Question Is shipping safe for a car seat?

U

Unregistered

Guest
With all the safety concerns about the performance of car seat after a crash or even mishandling, is it safe to order a car seat online that will be shipped by a shipping company and treated however they treat their shipments?
 
ADS

ketchupqueen

CPST and ketchup snob
Staff member
Yes.

Cardboard boxes are very protective, actually. Most seats are packed with protective foam or cardboard inserts as well. They are engineered to provide excellent protection to the contents-- they have a "crush zone" like the crumple zone in cars that is designed to protect the occupants-- it does the same thing, bears the brunt, absorbs and dissipates any impact to the box, to protect the contents.

A car seat that is packed in a box with the padding deemed appropriate by the car seat company will survive being tossed on trucks, dropped, etc. pretty well. Now, if the box arrives visibly, severely damaged and/or opened, you should probably either refuse delivery for damage or call the company immediately (depending on how it's shipped.)

I would also feel fine about checking a seat on a plane IF it was in a well-fitting, well-padded box, FTR.
 

lovinwaves

New member
The carseats are typically shipped to the store you are purchasing from, then reshipped to you the consumer. Sometimes the store will have the seat dropshipped directly to you. That would cut out one shipping process if that were to happen.

If you are truly worried about the carseat being shipped multiple times you might try finding a retailer that would allow the seat to be dropshipped to you. Typically retailers do not do this because it costs them more. If you are willing to upfront the dropship cost they may do that.

Your seat being shipped to you should be fine. The exception would be if the box was completely mangled, and you felt that it was possibly dropped, or severly mistreated during shipment due to the boxes condition.
 
I was nervous about ordering seats online, too. When I finally did it, I got over that. The box was unharmed so the seat was surely unharmed. I have ordered several seats now and none of the boxes have been damaged. i just give it a lookover before accepting.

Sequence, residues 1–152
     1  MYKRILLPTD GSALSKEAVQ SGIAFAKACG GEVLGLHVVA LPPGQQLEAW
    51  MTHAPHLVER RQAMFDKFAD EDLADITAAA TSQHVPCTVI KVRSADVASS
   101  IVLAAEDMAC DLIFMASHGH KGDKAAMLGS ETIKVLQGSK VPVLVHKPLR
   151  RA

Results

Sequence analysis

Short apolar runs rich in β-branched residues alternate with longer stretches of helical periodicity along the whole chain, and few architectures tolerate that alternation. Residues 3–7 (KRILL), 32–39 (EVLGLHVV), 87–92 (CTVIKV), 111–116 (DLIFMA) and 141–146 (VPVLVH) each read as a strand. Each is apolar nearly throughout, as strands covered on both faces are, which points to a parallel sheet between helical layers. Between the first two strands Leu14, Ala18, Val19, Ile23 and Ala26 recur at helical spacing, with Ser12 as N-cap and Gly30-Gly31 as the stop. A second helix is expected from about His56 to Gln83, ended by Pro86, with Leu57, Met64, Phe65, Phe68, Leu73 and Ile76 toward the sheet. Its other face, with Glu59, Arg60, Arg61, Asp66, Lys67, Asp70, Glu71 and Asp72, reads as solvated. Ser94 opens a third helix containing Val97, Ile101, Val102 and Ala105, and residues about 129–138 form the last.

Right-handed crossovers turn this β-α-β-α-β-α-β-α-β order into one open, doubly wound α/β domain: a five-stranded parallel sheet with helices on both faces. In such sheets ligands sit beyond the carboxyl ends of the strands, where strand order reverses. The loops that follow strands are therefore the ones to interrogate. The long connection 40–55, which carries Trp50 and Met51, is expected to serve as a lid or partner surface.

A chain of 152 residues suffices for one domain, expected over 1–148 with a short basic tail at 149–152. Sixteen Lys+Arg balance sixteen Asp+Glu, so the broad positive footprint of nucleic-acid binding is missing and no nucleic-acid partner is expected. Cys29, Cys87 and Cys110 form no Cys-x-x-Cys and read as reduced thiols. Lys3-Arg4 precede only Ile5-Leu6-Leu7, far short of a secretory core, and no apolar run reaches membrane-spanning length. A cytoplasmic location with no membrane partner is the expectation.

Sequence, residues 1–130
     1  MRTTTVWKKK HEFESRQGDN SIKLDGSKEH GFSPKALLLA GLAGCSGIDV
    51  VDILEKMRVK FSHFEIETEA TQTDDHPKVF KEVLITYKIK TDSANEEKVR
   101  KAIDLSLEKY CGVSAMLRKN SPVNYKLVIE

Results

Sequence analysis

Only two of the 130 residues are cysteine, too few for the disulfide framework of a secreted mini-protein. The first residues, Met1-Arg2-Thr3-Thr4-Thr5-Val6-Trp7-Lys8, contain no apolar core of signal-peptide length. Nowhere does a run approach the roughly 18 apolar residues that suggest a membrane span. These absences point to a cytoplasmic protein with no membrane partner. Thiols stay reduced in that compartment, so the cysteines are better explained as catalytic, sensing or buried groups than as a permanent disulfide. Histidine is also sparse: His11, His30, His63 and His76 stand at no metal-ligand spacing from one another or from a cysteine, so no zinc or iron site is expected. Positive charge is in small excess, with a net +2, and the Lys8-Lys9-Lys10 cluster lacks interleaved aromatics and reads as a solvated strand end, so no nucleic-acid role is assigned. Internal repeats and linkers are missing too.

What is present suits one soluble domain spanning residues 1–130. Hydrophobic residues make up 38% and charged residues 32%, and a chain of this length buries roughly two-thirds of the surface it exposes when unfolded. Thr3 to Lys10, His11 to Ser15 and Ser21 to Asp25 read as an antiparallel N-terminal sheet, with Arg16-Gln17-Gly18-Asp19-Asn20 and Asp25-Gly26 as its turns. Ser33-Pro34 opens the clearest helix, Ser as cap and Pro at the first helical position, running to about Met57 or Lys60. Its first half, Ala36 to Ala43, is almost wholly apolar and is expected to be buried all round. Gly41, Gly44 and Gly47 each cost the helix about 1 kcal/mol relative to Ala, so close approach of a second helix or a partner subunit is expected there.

U

Unregistered

Guest
It makes sense to me that the car seat is not damaged during shipping. In that context, I've always wanted to understand why a car seat that is not directly impacted in a collision and appears undamaged after the collision it is actually considered damaged by car seat experts and consumers are urged to discard and replace them. I follow that rule, of course, but since I don't truly understand it, I think part of me, deep down, does not believe that the car seat is actually damaged. I'd love to understand this. Another related thing is expiration date. If car seats have an expiration date, how come it is not included on the label next to the manufacturing date? I stick to the expiry rule too, of course, because you don't gamble with children's safety, but it's sort of a blind faith thing. That bugs me. Have they tested expired car seats and undamaged-looking car seats from collisions?
 

joolsplus3

Admin - CPS Technician
Most seats don't come with extra packaging around the carseat at all in the box, some are even shipped in thick plastic carry bags. Some are lucky enough to have a plastic bag around the seat in the box, most do not even have that. The seat itself is exceptionally sturdy, much tougher than the shipping box, for sure, lol.
Yes, there have been studies to make sure seats still perform well after crashes, this one comes to mind and is the basis for NHTSA's car seat reuse policy http://www.nhtsa.dot.gov/people/injury/childps/ChildRestraints/ReUse/RestraintReUse.htm (Though I will add that you MUST adhere to the carseat's manual directly, and possibly state rules that may mandate replacement by insurance if the seat is in a crash). Carseat makers also do extensive internal testing (Britax used to exchange crashed seats, their testing facility was full of crashed and re-tested seats when I visited once... this may have something to do with their following the liberal NHTSA reuse policy, compared to, say, Graco/Dorel who insists on replacement after any crash at all...maybe they have not retested their seats? Or their seats DO fail once crashed once? We can only speculate there).
Some seats only have the Date Of Manufacture on them, and then a description of expiration in the manual, though some have expiration dates stamped on the shell, and more now seem to have expiration dates on stickers next to the dates of manufacture. Plastic breakdown was not the reason they invented expiration dates, it really had more to do with ever-changing car safety features (primarily rearfacing babies being killed by airbags in front seats and the recognition that having seats without safety labeling expire would be a good way to keep future children safe). Though I'm sure plastic breakdown of course does have some validity in seats expiring and I would not recommend using seats beyond their expiration dates (which are trending longer and longer now, 9 years for the Britax Frontier, 8 years for Cosco and Sunshine Kids seats... 6 years or 'till December of the sixth year remains common, however).

Hope that helps! And the 'here' link in my siggy leads to the carseat.org technical encyclopedia that may have more answers for you :)
 

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